The Bounty Chronicles: Ch. 18

*~Serana Volkihar~*


“Well this is nice,” I said trying to make small talk. Xian and I had just left Fort Dawnguad with over five-thousand gold in tow. The sun was till high in the air above us, bright yellow and orange beams barely visible warmed everything, casting shadows several inches ahead. With everything that happened between Lights and him fresh air was a must. It was doing wonders for me at least. “Strolling along a canyon even I wouldn’t mind staying a long while.”


“If you say so,” he simply said.


“Why so glum?” I asked raising an eyebrow. “Is it still bothering you?”


“You’ll need to be more specific. There are several things on my mind right now.”


“Well, off the top of my head, Lights.” That paladin was a piece of work. One moment he appeared righteous and holy and the next he was a mere petty child stealing Xian’s notebook and reading… whatever that was.


“I’d rather not think on that little shit,” he grumbled.


Okay so Lights wasn’t it. The only other thing I can think of is… “Was it me patting you head?” I asked innocently.


“A… A little bit, yes,” he admitted. “But also something else. About traveling.”


“Traveling? What about it?”


“Skyrim’s not exactly a small province Serana. It is many leagues across and travel takes a long while on foot.”


“Then what do you suggest? Horse drawn carriage?”


“Yep.” He chuckled at his answer.


“I was kidding, you know,” I cocked an eyebrow at him.


“You may have been, but this one is not. Far faster than walking on foot.”


Well there was an opportunity I just could NOT pass up!


“Aren’t you quick to show a woman a good time? Not going to buy me a meal first?”


I had to hold my ever growing grin and desire to laugh aloud at Xian. His eyes grew as wide as saucers and if he could have blushed I know damn well he would’ve.


“I-I… That’s… Why are you going this to me?!”


“Because it’s easy,” I retorted with a grin.


He gritted his teeth, trying to think of something to say.


“… I hate you right now.” He sounded like a child with that line.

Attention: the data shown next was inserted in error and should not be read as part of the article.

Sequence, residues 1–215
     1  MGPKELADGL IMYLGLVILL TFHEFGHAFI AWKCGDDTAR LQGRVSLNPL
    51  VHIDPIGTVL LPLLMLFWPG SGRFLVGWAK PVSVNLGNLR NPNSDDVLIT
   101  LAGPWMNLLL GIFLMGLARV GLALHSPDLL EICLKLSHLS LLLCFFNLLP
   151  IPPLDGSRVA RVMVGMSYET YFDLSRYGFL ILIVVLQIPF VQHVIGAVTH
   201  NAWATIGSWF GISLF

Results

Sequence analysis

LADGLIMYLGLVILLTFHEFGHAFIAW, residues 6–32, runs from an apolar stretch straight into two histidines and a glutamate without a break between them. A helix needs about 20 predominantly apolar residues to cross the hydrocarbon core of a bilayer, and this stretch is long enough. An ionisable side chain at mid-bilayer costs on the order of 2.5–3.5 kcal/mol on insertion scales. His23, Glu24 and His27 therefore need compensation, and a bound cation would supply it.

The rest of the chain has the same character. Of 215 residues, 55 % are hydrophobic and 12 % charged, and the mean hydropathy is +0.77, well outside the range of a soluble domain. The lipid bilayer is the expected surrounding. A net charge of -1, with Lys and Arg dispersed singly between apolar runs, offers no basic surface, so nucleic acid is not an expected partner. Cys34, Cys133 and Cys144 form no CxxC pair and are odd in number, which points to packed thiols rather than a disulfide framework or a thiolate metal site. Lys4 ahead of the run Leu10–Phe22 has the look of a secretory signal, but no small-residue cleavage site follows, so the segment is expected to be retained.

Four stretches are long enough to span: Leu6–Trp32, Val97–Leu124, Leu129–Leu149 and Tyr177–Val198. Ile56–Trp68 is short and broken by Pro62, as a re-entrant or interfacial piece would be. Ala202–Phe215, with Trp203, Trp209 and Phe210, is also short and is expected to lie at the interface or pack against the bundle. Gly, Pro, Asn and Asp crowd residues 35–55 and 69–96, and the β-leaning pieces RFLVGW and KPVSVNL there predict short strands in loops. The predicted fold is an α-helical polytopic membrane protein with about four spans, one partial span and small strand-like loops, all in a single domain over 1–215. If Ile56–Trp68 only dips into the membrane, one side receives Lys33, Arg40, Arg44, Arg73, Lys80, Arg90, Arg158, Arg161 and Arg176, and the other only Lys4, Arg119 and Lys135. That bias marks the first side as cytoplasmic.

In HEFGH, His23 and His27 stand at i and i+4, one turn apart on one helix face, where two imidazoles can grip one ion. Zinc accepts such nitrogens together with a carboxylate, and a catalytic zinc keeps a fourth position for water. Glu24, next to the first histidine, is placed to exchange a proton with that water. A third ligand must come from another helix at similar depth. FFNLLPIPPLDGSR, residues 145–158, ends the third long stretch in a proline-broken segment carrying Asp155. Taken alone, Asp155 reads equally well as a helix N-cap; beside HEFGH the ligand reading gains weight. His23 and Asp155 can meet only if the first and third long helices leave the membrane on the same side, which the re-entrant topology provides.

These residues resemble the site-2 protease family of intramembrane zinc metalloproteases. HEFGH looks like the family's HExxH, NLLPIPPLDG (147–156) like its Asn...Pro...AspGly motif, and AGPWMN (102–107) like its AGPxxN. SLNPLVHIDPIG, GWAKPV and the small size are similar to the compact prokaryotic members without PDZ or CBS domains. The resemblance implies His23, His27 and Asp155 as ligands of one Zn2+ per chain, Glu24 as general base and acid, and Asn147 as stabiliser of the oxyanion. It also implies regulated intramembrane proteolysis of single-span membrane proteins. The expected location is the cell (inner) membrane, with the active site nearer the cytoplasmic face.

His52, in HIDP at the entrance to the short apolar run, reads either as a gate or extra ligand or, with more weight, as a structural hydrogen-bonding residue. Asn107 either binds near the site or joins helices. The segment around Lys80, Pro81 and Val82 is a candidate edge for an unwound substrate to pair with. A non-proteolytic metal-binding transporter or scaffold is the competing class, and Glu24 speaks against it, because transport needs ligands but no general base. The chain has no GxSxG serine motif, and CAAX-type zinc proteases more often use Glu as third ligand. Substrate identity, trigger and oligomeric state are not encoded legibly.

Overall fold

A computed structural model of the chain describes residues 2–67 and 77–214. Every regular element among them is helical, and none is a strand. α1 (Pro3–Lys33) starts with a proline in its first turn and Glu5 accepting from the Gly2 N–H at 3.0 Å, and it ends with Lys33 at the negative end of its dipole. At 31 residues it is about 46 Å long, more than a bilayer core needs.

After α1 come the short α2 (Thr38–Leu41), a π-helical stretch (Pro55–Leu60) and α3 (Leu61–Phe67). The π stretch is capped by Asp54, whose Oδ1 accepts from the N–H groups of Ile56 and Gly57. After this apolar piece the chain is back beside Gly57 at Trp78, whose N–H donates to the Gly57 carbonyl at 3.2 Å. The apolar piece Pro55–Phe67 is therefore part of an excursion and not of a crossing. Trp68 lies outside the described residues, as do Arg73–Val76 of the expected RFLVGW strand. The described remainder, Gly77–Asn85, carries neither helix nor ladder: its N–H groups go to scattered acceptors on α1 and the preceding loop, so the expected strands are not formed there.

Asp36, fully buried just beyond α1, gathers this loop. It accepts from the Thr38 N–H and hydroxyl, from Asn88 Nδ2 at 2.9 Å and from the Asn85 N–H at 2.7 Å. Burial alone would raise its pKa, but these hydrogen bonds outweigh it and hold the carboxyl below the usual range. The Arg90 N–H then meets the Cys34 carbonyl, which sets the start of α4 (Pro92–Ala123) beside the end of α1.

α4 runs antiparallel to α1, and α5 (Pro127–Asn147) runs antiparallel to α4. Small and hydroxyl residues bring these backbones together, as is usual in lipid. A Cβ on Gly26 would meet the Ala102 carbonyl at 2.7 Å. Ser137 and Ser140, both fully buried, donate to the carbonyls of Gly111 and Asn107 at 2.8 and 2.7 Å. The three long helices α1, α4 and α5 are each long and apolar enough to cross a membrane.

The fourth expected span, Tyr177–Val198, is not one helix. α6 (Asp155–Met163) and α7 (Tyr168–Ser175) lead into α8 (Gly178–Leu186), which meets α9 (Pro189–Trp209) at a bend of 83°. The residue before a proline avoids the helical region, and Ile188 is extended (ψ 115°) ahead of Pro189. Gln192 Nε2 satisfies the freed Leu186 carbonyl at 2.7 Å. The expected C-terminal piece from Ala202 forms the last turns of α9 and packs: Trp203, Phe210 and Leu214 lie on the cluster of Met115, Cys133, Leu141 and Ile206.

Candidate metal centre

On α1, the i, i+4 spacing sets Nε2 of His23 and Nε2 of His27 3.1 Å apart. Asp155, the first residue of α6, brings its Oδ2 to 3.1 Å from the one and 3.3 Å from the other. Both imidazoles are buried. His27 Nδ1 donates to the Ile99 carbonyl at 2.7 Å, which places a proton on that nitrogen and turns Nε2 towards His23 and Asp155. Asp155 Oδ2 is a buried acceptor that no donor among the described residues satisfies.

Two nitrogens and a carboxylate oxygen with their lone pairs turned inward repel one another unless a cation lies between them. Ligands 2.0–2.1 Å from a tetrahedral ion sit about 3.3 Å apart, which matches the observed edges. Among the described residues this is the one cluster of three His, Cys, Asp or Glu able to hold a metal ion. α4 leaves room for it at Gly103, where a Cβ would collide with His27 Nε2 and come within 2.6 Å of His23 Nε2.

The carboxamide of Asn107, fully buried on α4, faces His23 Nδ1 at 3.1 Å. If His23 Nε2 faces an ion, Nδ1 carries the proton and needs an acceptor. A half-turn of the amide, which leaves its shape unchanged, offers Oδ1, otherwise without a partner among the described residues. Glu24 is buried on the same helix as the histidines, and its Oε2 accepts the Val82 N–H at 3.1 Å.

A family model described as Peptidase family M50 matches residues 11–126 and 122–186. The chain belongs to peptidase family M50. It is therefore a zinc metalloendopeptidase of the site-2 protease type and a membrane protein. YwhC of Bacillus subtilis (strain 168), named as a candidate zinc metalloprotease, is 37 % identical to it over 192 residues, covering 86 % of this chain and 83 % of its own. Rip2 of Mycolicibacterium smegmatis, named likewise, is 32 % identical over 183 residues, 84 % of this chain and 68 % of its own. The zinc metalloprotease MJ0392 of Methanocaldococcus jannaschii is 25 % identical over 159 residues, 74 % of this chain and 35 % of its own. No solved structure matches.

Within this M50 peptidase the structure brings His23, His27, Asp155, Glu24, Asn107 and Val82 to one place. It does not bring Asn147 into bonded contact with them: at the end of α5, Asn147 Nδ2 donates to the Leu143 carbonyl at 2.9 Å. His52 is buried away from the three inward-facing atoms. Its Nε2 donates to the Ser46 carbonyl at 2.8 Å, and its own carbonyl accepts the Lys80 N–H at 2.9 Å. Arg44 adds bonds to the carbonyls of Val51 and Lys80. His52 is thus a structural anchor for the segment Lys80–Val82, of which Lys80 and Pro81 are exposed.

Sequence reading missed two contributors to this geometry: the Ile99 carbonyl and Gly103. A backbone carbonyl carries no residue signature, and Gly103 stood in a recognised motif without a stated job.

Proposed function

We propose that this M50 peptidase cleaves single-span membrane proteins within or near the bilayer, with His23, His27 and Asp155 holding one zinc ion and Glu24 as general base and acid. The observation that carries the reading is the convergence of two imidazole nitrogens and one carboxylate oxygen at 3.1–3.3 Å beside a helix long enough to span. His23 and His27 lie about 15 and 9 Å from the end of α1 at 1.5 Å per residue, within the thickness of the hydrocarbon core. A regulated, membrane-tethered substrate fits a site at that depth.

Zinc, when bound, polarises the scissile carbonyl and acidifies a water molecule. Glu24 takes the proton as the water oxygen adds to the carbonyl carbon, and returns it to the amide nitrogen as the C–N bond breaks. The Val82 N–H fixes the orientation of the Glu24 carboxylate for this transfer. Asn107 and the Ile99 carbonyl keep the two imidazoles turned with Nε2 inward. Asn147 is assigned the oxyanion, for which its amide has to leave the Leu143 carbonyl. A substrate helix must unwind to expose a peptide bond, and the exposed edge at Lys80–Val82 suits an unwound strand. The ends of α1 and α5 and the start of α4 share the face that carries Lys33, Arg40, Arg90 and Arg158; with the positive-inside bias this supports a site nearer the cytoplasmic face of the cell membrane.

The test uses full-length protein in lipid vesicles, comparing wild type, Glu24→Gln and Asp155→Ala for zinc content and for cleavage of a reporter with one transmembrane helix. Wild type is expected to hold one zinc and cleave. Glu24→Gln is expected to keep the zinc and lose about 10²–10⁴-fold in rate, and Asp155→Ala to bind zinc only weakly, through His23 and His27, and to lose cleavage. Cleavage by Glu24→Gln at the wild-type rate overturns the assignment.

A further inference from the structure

And I lost it.


“Oh by the Gods and Daedra…!” I sniffed, brushing away a tear. “Perfect!”


“Some way to thank you savior.”


“Oh come on,” I said after calming down a bit. “Was only teasing.”


“Yes, well, do remember I know much about vampires Serana,” he said. “Especially when they toy with others.” It sounded extremely bitter. Or was I just imagining that?


“If it makes you feel better, I am sorry for poking fun at you. But it’s only because you’re so damn serious.”


“Who told you that?” Xian asked with a dubious look.


“Remember I did walk from my family home to here. Stopping in villages and cities along the way. I heard things.”


“Such as?” He cocked a boney brow.


“Well, for starters,” I began was we made our way inside the cave, “many told me you take everything seriously. Joke or no.”




“What for?”


He groaned. “Because I was either doing a contract or coming back from one. When this one receives a bounty, he thinks only on it until it is fulfilled.”


“I see.” I looked him up and down quizzically, studying his body language. “Do you still do that? After all, you are doing a contact and you are not being a complete ass.” Xian truly wasn’t. Almost pleasant really. It was a bit strange to be honest.


“Very astute of you,” he mused. “But answering your question: it depends.”


“On what?”


“On what type of contract I am given. For example, a contract given on, say a bandit, then yes, I am serious throughout it. If I am given one to be a bodyguard, or a foot agent, like my current one, then no.”


“Huh,” I stated flatly, furrowing my brow.


It was his turn to raise an eyebrow.




“I expected… I don’t know, a more complex answer.”


He smiled a little. “So did a couple other friends of mine.” The lizard suddenly chuckled at the last bit. “’Friends.’”


“Something funny?”


“Just- including you, I only have five real friends. Perhaps six if I include Balgruuf.”


I was a touch surprised and showed it. From what I was told while trying to find Fort Dawnguard, many people opened up on how heroic Xian really was. True, they all agreed he was a bastard and an old whoremonger, but he made the roads and countryside safe by taking contracts.